toy dog breed
Cavalier King Charles spaniel – image by Raovan Zierik from Pexels

The Cavalier King Charles Spaniel dog breed still exhibits the athletic traits of its spaniel forebears despite being bred to be a companion.

Nothing makes them happier than to flush a bird and then attempt to retrieve it if they aren’t sitting on a lap or receiving a belly rub.

The largest toy breeds are the Cavaliers. Cavaliers enjoy running on the beach, hiking, and dog sports like agility, flyball, and rally.

They are frequently as athletic as real sporting dogs, and some have even demonstrated their skill as hunting canines. The breed’s more relaxed individuals are successful as family companions and therapy dogs.

Breed Overview Of The Cavaliers

cavalier king charles spaniel
Brown coat Cavalier King Charles Spaniel – image by Pixabay
Breed Group Companion dogs
Height 12 – 13 at the shoulder
Weight 13 – 18 pounds
Life span 9 – 15 years
Trainability Easy to train
Coat Single coat
Coat Colour Ruby, tri-colour, black & tan, Blenheim
Shedding Moderate to high shedders
Temperament Playful, affectionate, sociable, patient, gentle, graceful, fearless, adaptable
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History Of The Cavalier King Charles Spaniel

The toy Spaniel has existed for centuries as a companion to royalty and aristocracy. The Cavalier King Charles Spaniel is a relatively new breed created less than a century ago.

The toy spaniels portrayed in numerous paintings from the 16th, 17th, and 18th centuries by well-known artists like Van Dyck and Gainsborough are the ancestors of cavaliers. These paintings depicted spaniels with long noses, high-set ears, and flat heads.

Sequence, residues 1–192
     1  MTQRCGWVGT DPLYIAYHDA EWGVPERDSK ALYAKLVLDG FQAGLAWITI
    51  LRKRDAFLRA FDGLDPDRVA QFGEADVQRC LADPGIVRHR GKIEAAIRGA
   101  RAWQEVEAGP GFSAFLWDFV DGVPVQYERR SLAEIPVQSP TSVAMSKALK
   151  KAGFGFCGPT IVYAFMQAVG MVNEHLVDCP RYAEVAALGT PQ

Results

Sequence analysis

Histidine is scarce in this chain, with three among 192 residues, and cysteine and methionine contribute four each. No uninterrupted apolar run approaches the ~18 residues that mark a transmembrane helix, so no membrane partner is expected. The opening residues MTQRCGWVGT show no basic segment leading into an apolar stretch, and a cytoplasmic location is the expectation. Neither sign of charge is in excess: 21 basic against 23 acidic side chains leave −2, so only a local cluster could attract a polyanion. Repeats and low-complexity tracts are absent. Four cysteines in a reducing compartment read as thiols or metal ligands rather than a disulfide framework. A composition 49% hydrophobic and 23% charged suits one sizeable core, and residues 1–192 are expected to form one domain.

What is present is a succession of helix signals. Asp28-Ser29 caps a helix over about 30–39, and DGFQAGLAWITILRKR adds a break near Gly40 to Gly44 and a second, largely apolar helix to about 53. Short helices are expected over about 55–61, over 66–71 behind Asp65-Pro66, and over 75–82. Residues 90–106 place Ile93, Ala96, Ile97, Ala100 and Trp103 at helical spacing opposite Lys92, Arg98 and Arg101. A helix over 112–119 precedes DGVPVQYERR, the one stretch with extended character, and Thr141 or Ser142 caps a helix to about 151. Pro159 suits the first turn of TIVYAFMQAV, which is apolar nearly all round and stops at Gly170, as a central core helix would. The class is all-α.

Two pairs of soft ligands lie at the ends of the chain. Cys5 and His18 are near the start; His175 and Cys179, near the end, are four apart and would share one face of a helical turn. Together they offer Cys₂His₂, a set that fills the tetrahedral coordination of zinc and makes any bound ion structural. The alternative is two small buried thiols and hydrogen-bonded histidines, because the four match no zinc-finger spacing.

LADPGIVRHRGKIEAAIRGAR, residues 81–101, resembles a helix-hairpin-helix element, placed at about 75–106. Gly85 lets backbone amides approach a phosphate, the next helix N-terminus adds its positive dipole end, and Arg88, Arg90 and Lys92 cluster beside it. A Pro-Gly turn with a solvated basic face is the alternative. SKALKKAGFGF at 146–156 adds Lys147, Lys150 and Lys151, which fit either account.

The royal and noble households of England loved these small spaniels dearly. Mary, Queen of Scots, had a toy spaniel that walked with her as she made her way to beheaded.

Her great-grandson Charles I and grandson Charles II, credited with naming the breed, also adored the tiny canines.

King Charles II is rumoured to have always travelled with two or three of these little spaniels.

Personality Of The Cavalier King Charles Spaniel

The outgoing Cavaliers look up to humorist Will Rogers, known for saying he never met a stranger. The Cavaliers are anxious to meet everyone who comes across them, and the more laps (or treats) they offer, the better.

The temperament of Cavaliers can range from quiet and calm to noisy and raucous, just like any other breed of dog.

They may or may not bark when someone knocks on the door, making them a terrible choice for a watchdog. Unless you want to watch, the thief cart off the silver. However, there are some exceptions.

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Some Cavaliers will alert you to any activity in your neighbourhood and bark whenever a stranger approaches. However, investing in an alarm system is preferable to relying on your Cavalier to warn you of problems.


Mitral Valve Disease

In Cavaliers, this condition is typical. The condition begins with a cardiac murmur and worsens until the dog experiences heart failure.

Older dogs of any breed are prone to heart disease, but Cavaliers are more likely to do so early—sometimes as young as one or two years old. There is continuing research into how to prevent this problem.


In Cavaliers, this condition is typical. The condition begins with a cardiac murmur and worsens until the dog experiences heart failure.

Older dogs of any breed are prone to heart disease, but Cavaliers are more likely to do so early—sometimes as young as one or two years old.